Wednesday, September 04, 2013

Mediacom Cable's restrictive internet data caps

As a long-time Mediacaom Cable customer (over ten years), I was disgusted to find out last Thursday via a browser injection notice that the company would be instituting data caps for their internet customers beginning September 7th. For the past many years I had been able to save money with Mediacom cable's internet access while still having reasonable fast cable internet speeds. To think that I was paying less than $30.00 per month for high speed internet access was quite the achievement given what some of Mediacom's faster speeds cost per month.

But, as I said, last week that all came to a screeching halt. With the new data cap for my lowest tier plan of 150 GB per month, Mediacom's high speed internet became useless to me. Being a Netflix user, that alone sucks up more than 1/30th of my data, on average, per day. Not to mention moving large files when I am freelancing at home and backing up my own websites and doing other web development work. And forget ever being able to work from home and avoiding my commute with the restrictive data caps in place.

Thus began my search. In the end I went with DSL at an identical speed I was receiving with cable and TV service from Dish Network at a significant savings over Mediacom Cable. What disgusted me the most was the slmost insulting way I was treated by the customer service representative at Mediacom when I called regarding their internet data cap. She offered me a 10% discount for six months on my television service and said the only way to increase my data cap was to pay an additional $20.00 per month to receive a 250 GB monthly data cap. When asked about a free increase to the higher data cap and, thus, a higher speed, her reply was a blunt "I can't do that, every customer is now under the terms of the data cap".

That last ditch effort for Mediacom to redeem themselves and their subsequent failure made my decision minutes later to call Dish Network that much easier. Apparently ten years as a customer, subject to ever-increasing monthly fees and less reliable service means nothing to a nationwide company.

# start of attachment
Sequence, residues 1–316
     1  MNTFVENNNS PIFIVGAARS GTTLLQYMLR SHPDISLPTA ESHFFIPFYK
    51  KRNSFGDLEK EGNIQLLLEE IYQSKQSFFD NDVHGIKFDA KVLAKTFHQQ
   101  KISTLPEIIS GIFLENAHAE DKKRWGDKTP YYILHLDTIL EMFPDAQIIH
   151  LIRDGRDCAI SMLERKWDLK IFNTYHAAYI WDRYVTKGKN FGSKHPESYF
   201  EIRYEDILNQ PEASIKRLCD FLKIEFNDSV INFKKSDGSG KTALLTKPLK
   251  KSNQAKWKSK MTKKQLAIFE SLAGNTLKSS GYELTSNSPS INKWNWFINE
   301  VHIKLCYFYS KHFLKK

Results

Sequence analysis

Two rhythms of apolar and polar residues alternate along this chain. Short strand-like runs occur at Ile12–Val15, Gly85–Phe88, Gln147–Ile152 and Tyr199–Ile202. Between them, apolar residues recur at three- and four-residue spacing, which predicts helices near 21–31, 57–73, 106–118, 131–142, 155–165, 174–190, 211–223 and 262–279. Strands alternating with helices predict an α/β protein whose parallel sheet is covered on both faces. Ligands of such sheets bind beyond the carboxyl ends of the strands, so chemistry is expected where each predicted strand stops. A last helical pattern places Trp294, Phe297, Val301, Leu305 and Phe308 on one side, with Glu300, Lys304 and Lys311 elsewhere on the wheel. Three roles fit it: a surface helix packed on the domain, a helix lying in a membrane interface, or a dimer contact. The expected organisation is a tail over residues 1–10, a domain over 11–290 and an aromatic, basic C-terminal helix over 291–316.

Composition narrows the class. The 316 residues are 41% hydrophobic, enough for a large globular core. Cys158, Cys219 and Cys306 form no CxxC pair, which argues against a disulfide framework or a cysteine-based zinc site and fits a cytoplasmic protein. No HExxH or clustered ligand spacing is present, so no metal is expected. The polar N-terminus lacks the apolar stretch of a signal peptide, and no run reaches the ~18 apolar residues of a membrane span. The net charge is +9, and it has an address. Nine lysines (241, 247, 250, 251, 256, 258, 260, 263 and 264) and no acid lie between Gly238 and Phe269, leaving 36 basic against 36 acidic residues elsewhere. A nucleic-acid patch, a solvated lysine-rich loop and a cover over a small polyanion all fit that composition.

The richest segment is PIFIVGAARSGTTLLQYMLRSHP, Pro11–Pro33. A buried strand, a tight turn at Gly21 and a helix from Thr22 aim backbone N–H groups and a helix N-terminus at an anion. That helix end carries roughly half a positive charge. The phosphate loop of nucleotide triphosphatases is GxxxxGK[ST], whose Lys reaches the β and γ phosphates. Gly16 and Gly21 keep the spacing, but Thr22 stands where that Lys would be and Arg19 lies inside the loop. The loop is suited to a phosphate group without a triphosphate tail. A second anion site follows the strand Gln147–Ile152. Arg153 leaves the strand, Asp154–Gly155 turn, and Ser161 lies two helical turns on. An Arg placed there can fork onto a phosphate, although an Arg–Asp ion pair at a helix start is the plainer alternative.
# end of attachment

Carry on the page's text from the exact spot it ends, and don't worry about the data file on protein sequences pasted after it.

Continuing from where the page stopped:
As far as the Mediacom Cable company line goes, "only 3% of our cable internet customers will meet or exceed their data cap thresholds". Why, then, is everyone subjected to a seemingly arbitrary data cap? Why not, instead, address those who have what Mediacom Cable deems to be excessive cable internet usage? Why use fear of exceeding an arbitrary threshold to force customers into purchasing exceedingly expensive internet access packages?

The only logical answer is to avoid people from cutting the cable cord. If people continue to stream content from Amazon, Netflix, Hulu and other sources, cable television providers like Mediacom Cable stand to lose a significant portion of their income from essentially passing along television signals to subscribers. While there is even less overhead and potentially more profit to be made from internet access at any speed, if you can still walk that line where cable internet access is still only slightly less expensive than the bundled cost of TV and internet, traditional cable television providers like Mediacom Cable can continue to have immense profits and have virtual monopolies on service in the communities they "serve". In short, Mediacom Cable will continue to lose customers as they keep instituting restrictive policies like data caps with little notice filled with confusing language while their customer service team scrambles to find the correct answers. For a company who is in the communications industry, they have done a dreadful job of communicating the specifics of a data cap plan for internet access roleld out in relatively short order.

If there was ever a company to avoid, Mediacom Cable is that company.

No comments: